#BlackWomenLead Spotify List - #GRAMMYs Edition

This GRAMMYs weekend, only a handful—exactly just about one handful—of Black women artists have been nominated for awards despite the overwhelming influence Black women have on the music industry and pop culture on the whole. For the first time since Nielsen began collecting the data, hip hop & R&B are the top music genre in the U.S., displacing rock for the first time ever. Yet, despite the often-imitated, never duplicated influence of our look and sound, and despite the dollars spent, Black women nominees are in low supply.

We know women of color in Congress and every level of public office can relate. Despite making up one of the most consistent voting demographics in the nation, we are still woefully underrepresented in public office. These are symptoms of the same problem. To tie these conversations together (and have a little fun), we’ve put together the #BlackWomenLead playlist. Through the playlist, we are lifting up and “seeing” the women who’ve influenced and inspired us, and continue to blaze trails; and we aim to create a soundtrack to motivate and encourage us as we define our leadership, whether we’re leaders in music, government, tech, or our households.

The playlist was curated by past and present elected officials, social justice leaders and cultural influencers.


Jamia.pngOur Voices:  March, Lead, and Speak with Power
By Jamia Wilson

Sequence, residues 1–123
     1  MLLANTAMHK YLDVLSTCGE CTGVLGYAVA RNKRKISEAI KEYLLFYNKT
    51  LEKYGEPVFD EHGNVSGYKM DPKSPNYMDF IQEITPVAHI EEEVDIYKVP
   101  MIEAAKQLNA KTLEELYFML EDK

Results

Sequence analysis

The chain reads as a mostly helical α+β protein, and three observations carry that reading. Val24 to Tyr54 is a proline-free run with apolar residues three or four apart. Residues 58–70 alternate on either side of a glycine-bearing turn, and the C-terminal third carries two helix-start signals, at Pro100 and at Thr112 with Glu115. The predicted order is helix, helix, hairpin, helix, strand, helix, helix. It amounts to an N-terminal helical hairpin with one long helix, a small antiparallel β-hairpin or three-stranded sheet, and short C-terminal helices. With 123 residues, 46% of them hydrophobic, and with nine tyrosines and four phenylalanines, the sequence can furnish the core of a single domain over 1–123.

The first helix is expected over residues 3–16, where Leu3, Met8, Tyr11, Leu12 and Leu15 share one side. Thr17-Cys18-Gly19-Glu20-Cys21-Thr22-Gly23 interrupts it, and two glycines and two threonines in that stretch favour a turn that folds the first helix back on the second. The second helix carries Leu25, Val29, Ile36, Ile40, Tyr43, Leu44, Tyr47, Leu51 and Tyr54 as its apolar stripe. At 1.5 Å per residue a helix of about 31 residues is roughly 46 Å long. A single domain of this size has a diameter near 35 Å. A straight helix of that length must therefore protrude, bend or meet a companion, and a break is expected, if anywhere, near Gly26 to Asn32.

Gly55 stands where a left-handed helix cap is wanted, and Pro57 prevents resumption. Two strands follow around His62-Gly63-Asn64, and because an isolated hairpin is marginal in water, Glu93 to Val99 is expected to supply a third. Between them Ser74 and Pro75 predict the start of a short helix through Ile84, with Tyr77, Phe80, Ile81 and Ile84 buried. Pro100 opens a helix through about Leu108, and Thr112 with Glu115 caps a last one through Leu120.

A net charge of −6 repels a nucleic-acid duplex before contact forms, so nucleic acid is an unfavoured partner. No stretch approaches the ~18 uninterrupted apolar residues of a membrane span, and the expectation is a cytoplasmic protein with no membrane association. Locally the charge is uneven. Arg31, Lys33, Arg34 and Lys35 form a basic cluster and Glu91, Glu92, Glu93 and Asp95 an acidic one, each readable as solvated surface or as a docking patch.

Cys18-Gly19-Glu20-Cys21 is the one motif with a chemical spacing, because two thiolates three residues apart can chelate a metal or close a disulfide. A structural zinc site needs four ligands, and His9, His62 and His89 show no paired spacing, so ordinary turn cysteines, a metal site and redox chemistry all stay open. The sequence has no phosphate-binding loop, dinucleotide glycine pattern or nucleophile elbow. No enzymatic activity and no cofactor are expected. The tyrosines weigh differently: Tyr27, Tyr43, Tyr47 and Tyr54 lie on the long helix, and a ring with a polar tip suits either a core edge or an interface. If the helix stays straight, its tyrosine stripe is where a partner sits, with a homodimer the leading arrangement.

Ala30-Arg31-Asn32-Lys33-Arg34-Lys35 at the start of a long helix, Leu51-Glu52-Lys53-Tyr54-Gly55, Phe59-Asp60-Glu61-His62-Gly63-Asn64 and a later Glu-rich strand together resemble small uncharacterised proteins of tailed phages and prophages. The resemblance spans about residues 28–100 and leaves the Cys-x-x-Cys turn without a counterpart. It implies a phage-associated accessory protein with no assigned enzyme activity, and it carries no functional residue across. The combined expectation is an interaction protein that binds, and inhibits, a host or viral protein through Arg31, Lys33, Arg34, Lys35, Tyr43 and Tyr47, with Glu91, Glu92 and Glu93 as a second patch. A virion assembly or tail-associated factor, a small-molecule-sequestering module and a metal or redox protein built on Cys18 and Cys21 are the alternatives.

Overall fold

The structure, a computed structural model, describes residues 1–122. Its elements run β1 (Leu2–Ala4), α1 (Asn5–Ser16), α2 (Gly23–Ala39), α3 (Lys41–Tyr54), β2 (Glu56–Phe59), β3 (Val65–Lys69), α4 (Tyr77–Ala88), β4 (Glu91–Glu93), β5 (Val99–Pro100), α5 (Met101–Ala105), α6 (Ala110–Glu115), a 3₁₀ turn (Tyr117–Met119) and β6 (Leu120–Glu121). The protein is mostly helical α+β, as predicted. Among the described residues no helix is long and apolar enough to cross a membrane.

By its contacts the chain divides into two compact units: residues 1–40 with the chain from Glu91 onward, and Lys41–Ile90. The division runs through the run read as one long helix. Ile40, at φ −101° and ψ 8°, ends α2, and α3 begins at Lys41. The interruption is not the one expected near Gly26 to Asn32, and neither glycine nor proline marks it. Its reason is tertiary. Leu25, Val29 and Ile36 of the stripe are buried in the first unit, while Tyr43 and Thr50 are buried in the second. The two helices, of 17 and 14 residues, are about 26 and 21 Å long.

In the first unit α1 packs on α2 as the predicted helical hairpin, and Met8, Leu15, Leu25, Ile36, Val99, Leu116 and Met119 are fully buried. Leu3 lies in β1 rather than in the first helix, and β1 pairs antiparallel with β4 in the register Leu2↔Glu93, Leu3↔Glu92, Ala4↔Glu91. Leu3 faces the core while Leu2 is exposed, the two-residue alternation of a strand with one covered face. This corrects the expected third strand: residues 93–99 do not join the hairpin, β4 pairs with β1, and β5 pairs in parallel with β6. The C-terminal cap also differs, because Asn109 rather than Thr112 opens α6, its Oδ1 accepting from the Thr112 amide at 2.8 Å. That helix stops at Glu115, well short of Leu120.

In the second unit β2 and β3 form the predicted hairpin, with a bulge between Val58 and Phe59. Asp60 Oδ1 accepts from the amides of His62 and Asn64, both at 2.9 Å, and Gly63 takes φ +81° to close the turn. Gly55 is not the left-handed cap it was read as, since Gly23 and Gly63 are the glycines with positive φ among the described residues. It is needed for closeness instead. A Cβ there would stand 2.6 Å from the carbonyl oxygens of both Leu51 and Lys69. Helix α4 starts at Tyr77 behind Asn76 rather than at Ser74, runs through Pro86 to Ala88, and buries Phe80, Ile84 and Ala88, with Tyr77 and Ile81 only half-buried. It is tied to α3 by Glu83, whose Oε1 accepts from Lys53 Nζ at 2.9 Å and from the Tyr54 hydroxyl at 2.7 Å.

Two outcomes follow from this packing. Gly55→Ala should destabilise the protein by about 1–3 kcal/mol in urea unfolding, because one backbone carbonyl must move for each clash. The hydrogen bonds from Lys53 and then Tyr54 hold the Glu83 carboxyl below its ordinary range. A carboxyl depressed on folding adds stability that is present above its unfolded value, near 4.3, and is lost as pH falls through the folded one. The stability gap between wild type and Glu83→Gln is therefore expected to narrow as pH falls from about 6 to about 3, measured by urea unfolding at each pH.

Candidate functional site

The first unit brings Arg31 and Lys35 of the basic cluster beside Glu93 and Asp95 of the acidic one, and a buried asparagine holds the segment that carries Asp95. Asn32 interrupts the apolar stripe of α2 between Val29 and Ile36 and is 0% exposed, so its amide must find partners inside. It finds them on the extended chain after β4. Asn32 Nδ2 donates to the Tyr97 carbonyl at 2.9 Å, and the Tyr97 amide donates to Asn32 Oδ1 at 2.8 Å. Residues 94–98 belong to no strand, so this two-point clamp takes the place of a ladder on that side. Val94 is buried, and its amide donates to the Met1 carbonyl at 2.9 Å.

In the aftermath of a political inflection point where 98% of Black women voters showed up and to defend justice and protect our communities in Alabama and beyond, our sisters in Hollywood said #TimesUp for systemic injustice from the entertainment industry to the farm fields.
As the 2018 Grammy Awards roll in within the rising tide of the #Metoo moment, we’re in the midst of a groundswell of an unprecedented resistance, overwhelmingly supported by and often led by women of color.

Although black women’s leadership, presence, and influence have presently and historically ignited change from the townhalls to the boardroom to the media, our voices and disturbingly absent or undercut from coverage, recognition and awards accolades. That's why we’re amplifying our own megaphone, in the spirit of our departed sister Shirley Chisholm who urged us to bring our own folding seat to the table of transformation.

We’re not monolithic, but we’re tied together by the ties that bind and block us from experiencing and celebrating our fullest potential, visions, and contributions--whose benefits extend far beyond our own communities.

Since we live in a reality where only two black women have ever been elected to the US Senate or won Album of the Year, black women powerhouses from politics to publishing came together to advance an agenda that amplifies our efforts at a higher frequency. 

Through our playlist of songs by past and present black women Grammy nominees we’re composing a love ballad that acknowledges our shroes, sung and unsung. Through the words works, and names of Aretha, Ledisi, Ella, Sade, and Alicia, we hear our own, and those of our next-generation of daughters whose leadership the world needs more than ever. Through their songs of freedom, we know that arranging our voices (and our votes) in a chorus that champions change lifts us all up to march, lead, and speak with power.